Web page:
After a first career involved with the running of sports organisations and centres, O’Reilly was recruited as a game angling officer in 1978 to the Central Fisheries Board, (which merged with the Regional Fisheries Boards in 2010 to form IFI). Whelan recalls the effect O’Reilly had on fisheries professionals who observed his work: “it was outstanding; he had a meticulous style of investigation, which carried on a tradition, dating from the early years of the State, when the government published detailed angling guides [to the country’s inland fisheries]. He was also building on a tradition started by Michael Kennedy of the Inland Fisheries Trust who [earlier] had produced angling guides which were very good for their time. What Peter was able to do was to meticulously and thoroughly gather information from every lough and river in Ireland going, like a detective, to people in local angling clubs, checking, and then double-checking, his facts; he was incredibly accurate.”
The result – his four books – were, says Whelan, “very, very important. Nothing came close to them in describing Ireland’s lakes and rivers.”
Fellow game angling officer Paul Bourke, editor of Irish Angling Update for many years from 1989, reported in an Appreciation in the online magazine that O’Reilly, from the late 1980s when his reputation was firmly established, wrote monthly angling updates for Trout and Salmon and that he was “wonderful to fish with and tie flies with.”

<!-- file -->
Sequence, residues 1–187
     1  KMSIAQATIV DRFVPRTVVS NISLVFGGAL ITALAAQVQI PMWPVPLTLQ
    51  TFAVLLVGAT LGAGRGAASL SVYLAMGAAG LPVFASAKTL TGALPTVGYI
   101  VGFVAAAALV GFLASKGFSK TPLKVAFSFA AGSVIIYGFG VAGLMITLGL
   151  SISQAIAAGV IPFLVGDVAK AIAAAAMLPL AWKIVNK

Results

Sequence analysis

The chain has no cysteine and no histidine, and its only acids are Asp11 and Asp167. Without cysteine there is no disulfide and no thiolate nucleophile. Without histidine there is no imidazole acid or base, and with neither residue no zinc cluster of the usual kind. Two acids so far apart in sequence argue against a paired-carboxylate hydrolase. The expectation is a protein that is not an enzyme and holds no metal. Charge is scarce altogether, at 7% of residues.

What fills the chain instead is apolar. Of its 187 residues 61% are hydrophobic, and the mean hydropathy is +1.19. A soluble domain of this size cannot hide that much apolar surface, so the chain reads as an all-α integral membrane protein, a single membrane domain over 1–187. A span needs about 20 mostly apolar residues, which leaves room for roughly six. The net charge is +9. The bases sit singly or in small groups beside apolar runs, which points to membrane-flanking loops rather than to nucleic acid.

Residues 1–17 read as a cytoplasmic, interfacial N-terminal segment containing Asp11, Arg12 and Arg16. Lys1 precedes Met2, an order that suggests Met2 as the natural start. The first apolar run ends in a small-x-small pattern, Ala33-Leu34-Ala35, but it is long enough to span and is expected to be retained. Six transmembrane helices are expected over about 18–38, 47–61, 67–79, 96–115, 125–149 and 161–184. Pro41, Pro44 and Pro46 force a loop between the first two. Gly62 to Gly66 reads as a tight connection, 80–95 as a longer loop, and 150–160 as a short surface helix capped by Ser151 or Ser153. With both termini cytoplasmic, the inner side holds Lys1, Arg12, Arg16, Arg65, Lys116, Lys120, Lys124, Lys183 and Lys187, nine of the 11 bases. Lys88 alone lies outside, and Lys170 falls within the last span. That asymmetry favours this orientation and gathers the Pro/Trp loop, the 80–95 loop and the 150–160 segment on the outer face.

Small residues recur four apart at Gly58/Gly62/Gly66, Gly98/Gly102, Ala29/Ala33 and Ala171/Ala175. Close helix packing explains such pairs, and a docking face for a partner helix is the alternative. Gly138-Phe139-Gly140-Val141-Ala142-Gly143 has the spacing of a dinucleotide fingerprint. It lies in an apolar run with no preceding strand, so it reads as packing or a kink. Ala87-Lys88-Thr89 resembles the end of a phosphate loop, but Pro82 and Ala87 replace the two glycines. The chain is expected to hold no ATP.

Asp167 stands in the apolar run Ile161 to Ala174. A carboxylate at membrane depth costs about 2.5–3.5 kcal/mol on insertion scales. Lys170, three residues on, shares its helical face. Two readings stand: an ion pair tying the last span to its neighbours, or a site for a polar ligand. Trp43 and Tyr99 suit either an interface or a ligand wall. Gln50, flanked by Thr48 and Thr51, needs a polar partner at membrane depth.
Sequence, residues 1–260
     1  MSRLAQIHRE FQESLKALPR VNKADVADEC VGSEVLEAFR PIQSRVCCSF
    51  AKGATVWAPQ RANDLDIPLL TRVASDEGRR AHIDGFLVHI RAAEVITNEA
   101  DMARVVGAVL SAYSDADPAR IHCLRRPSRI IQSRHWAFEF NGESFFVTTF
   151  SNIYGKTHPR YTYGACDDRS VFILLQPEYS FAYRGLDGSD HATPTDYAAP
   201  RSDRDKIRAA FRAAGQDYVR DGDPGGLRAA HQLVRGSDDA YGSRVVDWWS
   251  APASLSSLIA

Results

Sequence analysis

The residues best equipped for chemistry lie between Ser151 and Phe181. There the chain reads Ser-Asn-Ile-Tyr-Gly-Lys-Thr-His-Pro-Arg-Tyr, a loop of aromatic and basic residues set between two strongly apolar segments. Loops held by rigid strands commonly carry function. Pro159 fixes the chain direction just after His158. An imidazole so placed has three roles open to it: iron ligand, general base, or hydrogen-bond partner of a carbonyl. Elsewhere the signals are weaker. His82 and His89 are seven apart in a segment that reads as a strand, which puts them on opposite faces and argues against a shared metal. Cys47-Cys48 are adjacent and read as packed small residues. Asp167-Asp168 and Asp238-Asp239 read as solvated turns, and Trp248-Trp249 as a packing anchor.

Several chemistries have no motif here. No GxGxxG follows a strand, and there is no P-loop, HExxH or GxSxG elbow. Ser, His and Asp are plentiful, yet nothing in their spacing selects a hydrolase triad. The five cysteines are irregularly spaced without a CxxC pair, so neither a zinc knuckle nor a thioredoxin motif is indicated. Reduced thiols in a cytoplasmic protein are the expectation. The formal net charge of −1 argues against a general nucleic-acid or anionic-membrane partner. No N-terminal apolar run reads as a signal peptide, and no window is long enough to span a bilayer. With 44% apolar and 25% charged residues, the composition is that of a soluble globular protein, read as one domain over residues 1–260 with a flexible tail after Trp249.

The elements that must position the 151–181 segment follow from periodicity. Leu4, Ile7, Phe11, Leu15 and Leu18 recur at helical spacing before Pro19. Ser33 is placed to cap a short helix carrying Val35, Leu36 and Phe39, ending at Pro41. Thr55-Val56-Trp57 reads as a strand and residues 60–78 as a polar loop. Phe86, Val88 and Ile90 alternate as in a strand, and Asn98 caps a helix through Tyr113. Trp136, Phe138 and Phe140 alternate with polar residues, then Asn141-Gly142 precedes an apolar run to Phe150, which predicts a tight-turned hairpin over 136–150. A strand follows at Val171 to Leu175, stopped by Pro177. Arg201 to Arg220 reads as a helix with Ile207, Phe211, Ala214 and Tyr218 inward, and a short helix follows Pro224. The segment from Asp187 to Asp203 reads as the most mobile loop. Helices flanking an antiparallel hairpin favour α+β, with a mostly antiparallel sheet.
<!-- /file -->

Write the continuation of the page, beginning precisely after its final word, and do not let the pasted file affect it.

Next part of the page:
O’Reilly was a founder member of the Association of Game Angling Instructors in Ireland, and, an indication of his international standing, a vice president of the Wild Trout Trust in England. He also ran an angling school near his home in Navan, Co Meath, and was a qualified angling instructor in both the US and the UK.
O’Reilly had another international dimension to his work, with Fáilte Ireland after his official retirement in 2005, briefing foreign journalists from around the world on Ireland’s fisheries. Whelan remembers of this that “he was ruthlessly honest; he captivated people. [The visiting journalists] loved him and the amount of information they were able to impart [from O’Reilly] was extraordinary in attracting anglers to Ireland.”
O’Reilly fished with some famous celebrities who enjoy angling, most notably becoming a very close personal friend of former Republic of Ireland soccer manager and famous angling enthusiast, Jack Charlton, staying and fishing with him regularly at Charlton’s cottage on the River Moy, and helping Charlton in latter years to continue his hobby nearer to Charlton’s home in Newcastle-upon-Tyne, angling on the River Tyne and the nearby River Tweed.
O’Reilly is survived by his widow, Rose, née Gaffney, and his son, Patrick. In a moving tribute to her husband this week, Mrs O’Reilly, reflecting his passionate interest in conservation, wrote that “Peter always reminded us that the Earth does not belong to man, man belongs to the Earth. Whatever he does to the web of life he does to himself; man did not weave the web, he is merely a strand in it. All living creatures have a place in the web; it is precious to all. Respect, preserve and protect it; every part is sacred.”
Peter O’Reilly is survived also by his siblings Kitty, Paddy, Eddie, Nan, Breege, Carmel and and Kevin.